Newspaper article Manchester Evening News

Northern Set for More Sunday Cancellations

Newspaper article Manchester Evening News

Northern Set for More Sunday Cancellations

Article excerpt

SUNDAY cancellations on Northern services are likely to last 'at least to the end of the month' - and mayor Andy Burnham is now demanding the transport secretary freezes rail fares.

The unwelcome news that Sunday disruption is set to continue comes as passengers recover from three consecutive Sundays of cancellations. Around 80 services were affected last weekend, with more than 50 services travelling in and out of Greater Manchester running on an amended timetable.

Among those hit were travellers heading to Manchester Airport for their summer holiday. Bosses said some train crews 'made themselves unavailable to work.' .

Now the M.E.N. understands that these problems are likely to continue at least 'until the end of August.' .' The problem is understood to revolve around a policy that staff don't have to work Sundays, exacerbated by last-minute rosters as a result of delays to engineering work.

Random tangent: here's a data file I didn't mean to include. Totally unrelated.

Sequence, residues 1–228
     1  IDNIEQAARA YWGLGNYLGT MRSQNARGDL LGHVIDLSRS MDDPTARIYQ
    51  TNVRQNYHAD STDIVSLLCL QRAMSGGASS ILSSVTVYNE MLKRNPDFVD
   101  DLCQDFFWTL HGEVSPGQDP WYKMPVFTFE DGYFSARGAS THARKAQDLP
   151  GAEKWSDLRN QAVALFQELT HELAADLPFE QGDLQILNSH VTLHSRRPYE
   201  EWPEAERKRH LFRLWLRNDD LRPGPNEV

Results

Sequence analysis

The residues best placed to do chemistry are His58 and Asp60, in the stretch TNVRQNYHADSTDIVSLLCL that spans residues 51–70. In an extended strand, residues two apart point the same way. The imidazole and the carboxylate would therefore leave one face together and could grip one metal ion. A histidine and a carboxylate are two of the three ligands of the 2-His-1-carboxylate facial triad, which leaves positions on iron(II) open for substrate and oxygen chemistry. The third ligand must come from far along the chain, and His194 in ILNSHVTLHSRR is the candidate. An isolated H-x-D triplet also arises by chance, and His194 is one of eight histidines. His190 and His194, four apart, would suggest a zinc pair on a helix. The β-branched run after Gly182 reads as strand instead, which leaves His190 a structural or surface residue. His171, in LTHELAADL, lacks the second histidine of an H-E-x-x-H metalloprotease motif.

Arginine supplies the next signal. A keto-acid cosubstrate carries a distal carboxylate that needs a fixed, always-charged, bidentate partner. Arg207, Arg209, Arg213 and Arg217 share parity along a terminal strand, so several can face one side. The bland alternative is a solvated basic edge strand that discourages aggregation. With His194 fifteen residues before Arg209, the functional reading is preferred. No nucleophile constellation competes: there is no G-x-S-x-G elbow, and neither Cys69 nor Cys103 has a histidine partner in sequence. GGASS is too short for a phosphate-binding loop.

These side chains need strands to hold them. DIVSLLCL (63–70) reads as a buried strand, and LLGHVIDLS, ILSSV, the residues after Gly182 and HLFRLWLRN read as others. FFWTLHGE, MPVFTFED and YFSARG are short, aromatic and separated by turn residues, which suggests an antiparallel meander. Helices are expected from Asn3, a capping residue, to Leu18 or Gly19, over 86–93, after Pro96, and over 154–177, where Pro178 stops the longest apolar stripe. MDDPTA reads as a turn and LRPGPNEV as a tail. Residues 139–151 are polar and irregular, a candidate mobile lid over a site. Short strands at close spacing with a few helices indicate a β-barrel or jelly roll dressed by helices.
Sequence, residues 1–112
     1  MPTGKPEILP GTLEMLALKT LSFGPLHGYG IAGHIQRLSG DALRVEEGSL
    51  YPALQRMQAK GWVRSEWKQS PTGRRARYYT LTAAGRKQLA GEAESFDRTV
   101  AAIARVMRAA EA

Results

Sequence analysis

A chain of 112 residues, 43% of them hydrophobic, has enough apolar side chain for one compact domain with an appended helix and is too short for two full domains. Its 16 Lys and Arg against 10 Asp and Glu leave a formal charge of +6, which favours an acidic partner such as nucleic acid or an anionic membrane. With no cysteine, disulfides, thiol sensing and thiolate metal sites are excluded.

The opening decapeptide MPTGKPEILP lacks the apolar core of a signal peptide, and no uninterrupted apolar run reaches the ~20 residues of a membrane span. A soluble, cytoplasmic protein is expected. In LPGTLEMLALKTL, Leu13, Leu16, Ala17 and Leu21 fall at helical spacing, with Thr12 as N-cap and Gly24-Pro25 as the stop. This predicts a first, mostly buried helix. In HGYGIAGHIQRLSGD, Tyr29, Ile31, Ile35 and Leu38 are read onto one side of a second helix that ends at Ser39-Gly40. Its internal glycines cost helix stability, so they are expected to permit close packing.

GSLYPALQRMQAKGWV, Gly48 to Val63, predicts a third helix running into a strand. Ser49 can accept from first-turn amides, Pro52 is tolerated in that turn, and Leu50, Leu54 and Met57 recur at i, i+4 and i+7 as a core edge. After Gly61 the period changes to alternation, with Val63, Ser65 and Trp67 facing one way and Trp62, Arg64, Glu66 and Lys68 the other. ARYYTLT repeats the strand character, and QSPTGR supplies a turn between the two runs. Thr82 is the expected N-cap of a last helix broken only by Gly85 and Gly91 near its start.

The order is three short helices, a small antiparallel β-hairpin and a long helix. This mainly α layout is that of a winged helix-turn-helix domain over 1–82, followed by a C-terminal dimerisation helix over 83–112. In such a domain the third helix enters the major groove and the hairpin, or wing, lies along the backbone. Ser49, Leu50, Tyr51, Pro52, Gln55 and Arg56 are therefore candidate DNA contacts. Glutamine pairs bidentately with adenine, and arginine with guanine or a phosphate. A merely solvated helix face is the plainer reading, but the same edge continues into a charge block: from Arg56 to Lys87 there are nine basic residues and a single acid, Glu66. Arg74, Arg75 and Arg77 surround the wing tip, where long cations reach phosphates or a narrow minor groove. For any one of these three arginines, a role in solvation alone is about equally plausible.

It follows months of services blighted by cancellations and delays, blamed by Northern on Network Rail delays which led to travel disaster when a new timetable was introduced in May. The problems also disrupted TransPennine services.

Now the mayors of Greater Manchester and Liverpool have written to Transport Secretary Chris Grayling demanding a freeze on Northern and TransPennine rail fares - which are due to go up in 2019.

Traditionally future rail fare increases are set using the July rate of RPI, which is published in August and comes into effect the subsequent January. It's estimated this could add an average of £45 for an annual season ticket on commuter lines from Altrincham, Stockport, Glossop, East Didsbury, Rochdale and Ashton-under-Lyne.

In their letter to Mr Grayling, mayors Andy Burnham and Steve Rotheram say: "Over the past few months travelling by What you Write to: M.E.N, House, Oldham, Or email: @men-train in the North has become a lottery, where passengers turn up at stations with no idea if there will be a train or whether they will arrive at their destination on time. …

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